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Journal Articles; Reports - Descriptive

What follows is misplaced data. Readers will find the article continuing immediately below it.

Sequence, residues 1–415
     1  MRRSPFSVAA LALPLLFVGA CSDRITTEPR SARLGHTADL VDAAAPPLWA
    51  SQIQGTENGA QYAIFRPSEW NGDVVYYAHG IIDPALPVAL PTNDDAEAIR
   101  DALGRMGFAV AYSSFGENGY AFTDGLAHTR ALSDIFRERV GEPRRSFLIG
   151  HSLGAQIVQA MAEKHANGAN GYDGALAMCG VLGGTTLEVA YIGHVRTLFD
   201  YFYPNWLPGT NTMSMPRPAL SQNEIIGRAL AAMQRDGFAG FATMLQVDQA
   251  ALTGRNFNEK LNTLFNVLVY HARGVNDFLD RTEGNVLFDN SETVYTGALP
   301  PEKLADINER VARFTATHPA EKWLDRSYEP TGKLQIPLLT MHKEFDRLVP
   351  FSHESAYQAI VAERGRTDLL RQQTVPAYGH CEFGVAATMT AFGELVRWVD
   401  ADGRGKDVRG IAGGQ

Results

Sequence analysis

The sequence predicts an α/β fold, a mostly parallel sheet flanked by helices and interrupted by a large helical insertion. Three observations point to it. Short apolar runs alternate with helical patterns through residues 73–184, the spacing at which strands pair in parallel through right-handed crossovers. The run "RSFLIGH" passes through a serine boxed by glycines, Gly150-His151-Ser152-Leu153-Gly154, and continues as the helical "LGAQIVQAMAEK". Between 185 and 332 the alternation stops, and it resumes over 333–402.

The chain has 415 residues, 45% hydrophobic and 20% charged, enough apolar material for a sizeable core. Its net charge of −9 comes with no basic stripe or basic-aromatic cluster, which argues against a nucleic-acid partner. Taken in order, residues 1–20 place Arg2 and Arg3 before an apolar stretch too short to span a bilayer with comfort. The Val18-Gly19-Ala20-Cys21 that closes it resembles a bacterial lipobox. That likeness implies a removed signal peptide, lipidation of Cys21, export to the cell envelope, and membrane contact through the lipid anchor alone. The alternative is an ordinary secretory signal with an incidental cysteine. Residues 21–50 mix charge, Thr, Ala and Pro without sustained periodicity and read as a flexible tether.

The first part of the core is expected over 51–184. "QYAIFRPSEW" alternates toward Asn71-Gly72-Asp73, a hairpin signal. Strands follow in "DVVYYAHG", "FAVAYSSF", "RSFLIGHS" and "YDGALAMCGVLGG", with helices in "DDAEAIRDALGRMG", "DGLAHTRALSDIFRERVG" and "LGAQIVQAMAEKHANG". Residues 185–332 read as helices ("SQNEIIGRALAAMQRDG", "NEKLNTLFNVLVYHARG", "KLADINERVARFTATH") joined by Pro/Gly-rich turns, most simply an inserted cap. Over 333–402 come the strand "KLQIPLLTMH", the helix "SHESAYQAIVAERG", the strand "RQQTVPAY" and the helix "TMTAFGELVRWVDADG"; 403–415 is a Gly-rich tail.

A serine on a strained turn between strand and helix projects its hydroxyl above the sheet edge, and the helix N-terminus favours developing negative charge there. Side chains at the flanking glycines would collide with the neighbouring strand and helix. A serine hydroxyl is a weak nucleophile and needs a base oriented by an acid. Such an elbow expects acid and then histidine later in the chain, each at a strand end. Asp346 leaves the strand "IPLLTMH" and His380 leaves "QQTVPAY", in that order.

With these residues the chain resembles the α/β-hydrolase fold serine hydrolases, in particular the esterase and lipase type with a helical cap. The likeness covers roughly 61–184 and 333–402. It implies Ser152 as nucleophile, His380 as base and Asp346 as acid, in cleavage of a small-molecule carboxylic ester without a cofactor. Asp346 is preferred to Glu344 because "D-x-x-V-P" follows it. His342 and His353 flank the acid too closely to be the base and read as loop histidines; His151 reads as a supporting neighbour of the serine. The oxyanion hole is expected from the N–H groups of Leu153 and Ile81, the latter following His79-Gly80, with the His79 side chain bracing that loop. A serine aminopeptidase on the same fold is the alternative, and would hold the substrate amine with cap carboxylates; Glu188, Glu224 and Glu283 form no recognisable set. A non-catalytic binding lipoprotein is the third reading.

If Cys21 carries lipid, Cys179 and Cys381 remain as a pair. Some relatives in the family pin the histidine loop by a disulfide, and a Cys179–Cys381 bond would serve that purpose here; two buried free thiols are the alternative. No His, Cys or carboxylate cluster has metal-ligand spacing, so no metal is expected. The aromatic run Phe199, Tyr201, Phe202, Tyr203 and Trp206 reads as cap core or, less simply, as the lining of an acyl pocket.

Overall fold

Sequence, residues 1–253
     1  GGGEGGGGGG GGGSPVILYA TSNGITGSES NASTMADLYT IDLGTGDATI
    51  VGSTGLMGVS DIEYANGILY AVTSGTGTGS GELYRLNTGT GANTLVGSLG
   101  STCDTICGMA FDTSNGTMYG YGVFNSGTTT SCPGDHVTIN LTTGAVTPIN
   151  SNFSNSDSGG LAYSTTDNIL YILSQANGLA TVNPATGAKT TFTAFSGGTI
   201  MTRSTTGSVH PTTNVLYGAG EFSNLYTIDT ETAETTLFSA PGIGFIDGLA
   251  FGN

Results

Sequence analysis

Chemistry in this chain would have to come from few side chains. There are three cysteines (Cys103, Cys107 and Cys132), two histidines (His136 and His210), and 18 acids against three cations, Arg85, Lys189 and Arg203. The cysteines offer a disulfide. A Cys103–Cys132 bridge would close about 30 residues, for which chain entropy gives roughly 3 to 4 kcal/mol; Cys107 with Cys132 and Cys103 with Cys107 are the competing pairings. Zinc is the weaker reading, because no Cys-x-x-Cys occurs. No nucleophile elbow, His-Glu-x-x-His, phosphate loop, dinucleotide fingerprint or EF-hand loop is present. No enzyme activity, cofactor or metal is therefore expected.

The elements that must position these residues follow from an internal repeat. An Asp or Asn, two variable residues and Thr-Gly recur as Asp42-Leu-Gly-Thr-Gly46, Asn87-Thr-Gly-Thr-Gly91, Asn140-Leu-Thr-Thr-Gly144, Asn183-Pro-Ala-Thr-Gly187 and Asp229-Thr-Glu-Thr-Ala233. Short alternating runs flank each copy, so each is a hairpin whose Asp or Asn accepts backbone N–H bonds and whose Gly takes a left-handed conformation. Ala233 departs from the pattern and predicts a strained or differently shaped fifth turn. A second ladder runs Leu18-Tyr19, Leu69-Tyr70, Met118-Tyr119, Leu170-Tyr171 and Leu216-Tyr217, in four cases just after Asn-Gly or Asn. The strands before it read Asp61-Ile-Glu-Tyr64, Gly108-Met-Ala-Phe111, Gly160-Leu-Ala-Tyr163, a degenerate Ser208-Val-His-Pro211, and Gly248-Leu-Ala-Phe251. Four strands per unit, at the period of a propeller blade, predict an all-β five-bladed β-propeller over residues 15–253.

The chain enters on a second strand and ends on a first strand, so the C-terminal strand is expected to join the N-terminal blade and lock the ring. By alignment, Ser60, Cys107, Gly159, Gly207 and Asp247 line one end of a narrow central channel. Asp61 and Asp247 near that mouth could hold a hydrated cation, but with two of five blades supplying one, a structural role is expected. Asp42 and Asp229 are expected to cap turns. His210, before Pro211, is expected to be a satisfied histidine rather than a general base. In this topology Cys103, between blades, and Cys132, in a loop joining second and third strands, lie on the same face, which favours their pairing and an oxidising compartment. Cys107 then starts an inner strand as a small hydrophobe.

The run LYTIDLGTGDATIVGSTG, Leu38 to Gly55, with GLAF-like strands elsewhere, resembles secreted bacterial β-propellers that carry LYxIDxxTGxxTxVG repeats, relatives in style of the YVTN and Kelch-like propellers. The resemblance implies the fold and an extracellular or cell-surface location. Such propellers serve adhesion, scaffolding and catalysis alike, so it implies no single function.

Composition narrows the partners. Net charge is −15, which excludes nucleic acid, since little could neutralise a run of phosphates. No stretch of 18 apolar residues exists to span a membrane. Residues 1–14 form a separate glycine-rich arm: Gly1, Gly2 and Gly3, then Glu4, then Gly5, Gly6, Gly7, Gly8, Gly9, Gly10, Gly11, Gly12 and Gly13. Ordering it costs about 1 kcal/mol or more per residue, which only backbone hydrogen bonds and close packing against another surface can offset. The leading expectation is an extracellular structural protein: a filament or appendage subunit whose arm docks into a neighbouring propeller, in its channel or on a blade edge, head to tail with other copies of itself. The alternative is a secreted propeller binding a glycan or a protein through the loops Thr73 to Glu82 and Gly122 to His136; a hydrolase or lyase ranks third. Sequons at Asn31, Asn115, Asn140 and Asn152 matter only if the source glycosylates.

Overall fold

This article discusses the contributions to this special issue of "Teacher Education Quarterly." At the core of all the contributions is the compellingly urgent realization that humanity is facing, and must deal with, enormous ecological and social problems and challenges. This situation has created an urgent and compelling need centered on how the future citizenry of the industrialized West will be prepared relative to addressing and dealing with these problems and challenges. As is pointed out by the authors in this special issue, science and technology--in and of themselves--cannot save humanity from the impending environmental disaster now closing in on it. What is required at this juncture in history is a transformation of a particular way of life that has resulted in planetary degradation and the wholesale destruction of natural environments and entire species. What is required is a fundamental transformation in support of the development of a new paradigm, a new lens through which the Western mind can adjust its view of society, education and learning, citizenship, and the nature of human habitation on Earth. There is no doubt that formal education has a role to play in this transformation from the standpoint of important shifts in broad cultural and individual attitudes and intellectual orientations. It is also clear that these shifts in attitudes and orientations are of critical importance because modern industrial-capitalist market economies carry value systems with them that tend to undercut forces and values associated with sustainable socio-economic structures and related principles of ecological intelligence. It is posited by the authors in this issue that modern industrial-capitalist market economic systems are not sustainable over the long-term and that this casts doubt on the survivability of the Western industrial civilizations tied to them--especially in light of the anachronistic intellectual tradition that currently shapes the world view of the industrialized West. They advance the idea that formal education is capable of exploring foundational social, cultural, and economic issues associated with the conceptual framework that currently dominates the American scene, as well as raising questions about the future of these deeply embedded--and now dangerously outdated--structural paradigms of Western civilization. They propose that the Western world needs a new cognitive and epistemological approach appropriate to a new time in history. This includes a 21st century educational structure that matches 21st century physical realities.